There are plenty of things you can do to improve your credit score, which should be done sooner rather than later. Don’t make any large purchases on credit, and don’t apply for any new credit cards. Make sure any loan payments you are currently responsible for are paid on time and in full every month so you don’t cause any further damage.

Within a few months of practicing these efforts, you should see an uptick on your credit score which will put you in a more favorable position to get a decent mortgage package.

Sort Out Your Finances and Get Pre-Approved For a Mortgage

How much debt are you currently drowning under? How much money are you actually taking home in income? Before you start dreaming of home ownership, you need to get a handle on your finances and identify exactly what financial position you’re in first. Lots of first-time homebuyers make the mistake of house-hunting without understanding whether or not their current finances can support this purchase.

It’s always a good idea to meet with a mortgage broker before checking out any listings to see what mortgages and interest rates you can realistically and comfortably afford. That’s where a mortgage pre-approval can come in really handy.

A pre-approval will give your mortgage specialist an opportunity to check out your credit history and determine whether or not you’d be a candidate for a home loan. Sure, you’ll have to fill out applications and submit a bunch of forms. But by the end of the process, you’ll know whether or not you’d be able to get a mortgage, and how much a lender would be willing to loan you.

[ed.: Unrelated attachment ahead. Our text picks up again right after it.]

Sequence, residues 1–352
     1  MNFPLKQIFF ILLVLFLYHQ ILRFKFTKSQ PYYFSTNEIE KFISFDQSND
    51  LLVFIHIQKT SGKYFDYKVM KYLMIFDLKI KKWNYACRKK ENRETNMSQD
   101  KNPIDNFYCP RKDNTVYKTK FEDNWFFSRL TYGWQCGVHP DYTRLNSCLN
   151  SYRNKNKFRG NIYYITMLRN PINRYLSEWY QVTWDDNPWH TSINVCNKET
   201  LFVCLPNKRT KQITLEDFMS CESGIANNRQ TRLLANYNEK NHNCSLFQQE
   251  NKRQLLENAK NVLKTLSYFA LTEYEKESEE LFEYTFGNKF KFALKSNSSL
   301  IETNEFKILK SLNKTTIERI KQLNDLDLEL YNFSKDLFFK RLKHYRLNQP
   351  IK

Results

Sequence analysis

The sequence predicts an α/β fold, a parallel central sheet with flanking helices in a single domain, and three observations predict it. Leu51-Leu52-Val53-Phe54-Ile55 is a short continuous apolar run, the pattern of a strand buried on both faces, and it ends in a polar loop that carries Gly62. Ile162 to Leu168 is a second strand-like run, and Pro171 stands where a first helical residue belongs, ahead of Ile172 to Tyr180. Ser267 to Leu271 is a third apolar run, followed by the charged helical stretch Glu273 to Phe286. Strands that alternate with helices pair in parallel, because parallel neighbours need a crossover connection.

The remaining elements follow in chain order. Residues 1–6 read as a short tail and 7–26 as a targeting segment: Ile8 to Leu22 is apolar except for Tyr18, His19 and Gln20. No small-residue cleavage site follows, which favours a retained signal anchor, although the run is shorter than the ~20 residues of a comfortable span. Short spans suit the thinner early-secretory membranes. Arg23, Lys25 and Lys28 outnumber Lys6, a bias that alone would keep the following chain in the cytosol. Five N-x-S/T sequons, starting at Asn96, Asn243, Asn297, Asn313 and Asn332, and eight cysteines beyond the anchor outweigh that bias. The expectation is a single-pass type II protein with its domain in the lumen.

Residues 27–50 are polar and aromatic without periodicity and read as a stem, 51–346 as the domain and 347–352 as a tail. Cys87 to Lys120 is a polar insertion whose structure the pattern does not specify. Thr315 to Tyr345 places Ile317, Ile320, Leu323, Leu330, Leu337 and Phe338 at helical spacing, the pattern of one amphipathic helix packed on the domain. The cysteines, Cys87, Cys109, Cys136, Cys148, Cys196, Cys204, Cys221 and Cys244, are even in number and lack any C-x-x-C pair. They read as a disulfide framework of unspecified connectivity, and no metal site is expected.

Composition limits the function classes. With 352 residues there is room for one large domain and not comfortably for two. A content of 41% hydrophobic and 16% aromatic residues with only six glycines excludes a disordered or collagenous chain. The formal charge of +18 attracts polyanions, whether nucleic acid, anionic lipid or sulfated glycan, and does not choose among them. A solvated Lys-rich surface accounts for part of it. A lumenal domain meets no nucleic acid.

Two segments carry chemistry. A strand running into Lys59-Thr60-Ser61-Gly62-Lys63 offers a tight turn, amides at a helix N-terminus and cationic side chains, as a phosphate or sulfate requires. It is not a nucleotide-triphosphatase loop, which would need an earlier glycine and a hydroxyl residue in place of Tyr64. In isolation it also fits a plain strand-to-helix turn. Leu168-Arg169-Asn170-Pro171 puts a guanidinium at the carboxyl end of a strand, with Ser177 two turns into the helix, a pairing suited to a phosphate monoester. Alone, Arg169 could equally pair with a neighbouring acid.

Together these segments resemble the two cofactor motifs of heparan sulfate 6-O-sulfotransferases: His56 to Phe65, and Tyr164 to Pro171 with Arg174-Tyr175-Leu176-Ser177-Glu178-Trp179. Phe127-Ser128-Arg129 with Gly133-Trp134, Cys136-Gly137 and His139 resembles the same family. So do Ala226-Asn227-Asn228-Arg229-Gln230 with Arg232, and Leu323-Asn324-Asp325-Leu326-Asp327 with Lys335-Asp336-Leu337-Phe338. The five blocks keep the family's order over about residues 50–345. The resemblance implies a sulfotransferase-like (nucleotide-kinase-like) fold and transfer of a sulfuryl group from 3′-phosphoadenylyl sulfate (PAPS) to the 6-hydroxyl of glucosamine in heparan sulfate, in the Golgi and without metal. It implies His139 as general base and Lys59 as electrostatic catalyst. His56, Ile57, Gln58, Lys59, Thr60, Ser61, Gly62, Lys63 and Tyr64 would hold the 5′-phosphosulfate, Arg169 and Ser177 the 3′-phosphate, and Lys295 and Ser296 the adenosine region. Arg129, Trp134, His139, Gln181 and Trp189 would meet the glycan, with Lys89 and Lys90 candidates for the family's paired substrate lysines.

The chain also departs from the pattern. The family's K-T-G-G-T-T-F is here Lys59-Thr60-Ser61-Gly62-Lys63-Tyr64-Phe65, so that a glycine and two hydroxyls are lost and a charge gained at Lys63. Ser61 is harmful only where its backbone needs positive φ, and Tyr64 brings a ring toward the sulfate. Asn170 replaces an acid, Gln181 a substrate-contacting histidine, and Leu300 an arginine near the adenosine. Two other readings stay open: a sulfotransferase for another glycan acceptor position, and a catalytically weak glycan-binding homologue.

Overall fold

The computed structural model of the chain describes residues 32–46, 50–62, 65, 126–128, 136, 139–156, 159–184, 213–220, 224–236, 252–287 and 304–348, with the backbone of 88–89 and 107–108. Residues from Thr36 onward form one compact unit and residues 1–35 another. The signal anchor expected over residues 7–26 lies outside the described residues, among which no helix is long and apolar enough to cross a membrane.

This, in turn, will give you a clear idea of the price range of homes that you’ll be able to afford. There’s no sense looking for homes in the $500,000 range when you can only afford those in the $300,000 price bracket.

Shop Within Your Budget So You Don’t End Up ‘House Poor’

The last thing you want to do is dump a big chunk of your paycheck into your house. Financial experts recommend that homeowners shouldn’t be putting any more than 30% of their monthly income towards their mortgages in order to live comfortably and enjoy other aspects of life without drowning in loan payments.

Consider what percentage of your income you’d be comfortable putting towards your mortgage, and don’t go over that number.

Factor in Costs Aside From the Purchase Price

Once you buy a house, you’re no longer just responsible for the rent. The closing of the house purchase itself will come with added costs, such as home inspections, appraisals, commission fees, moving costs, and title insurance. And once you get the keys, you’ll now be paying for things like utilities, property taxes, insurance, and any fees related to repairs and maintenance.

The Bottom Line

These tidbits of info aren’t meant to scare you. Instead, they’re meant to adequately prepare you for the responsibilities of homeownership. Get your credit in check, and get your finances in order. Put a team together that includes a profession real estate agent and experienced mortgage broker who can help you get ready for your new role as homeowner. Lean on their expertise to help you put your best foot forward in the world of homeownership.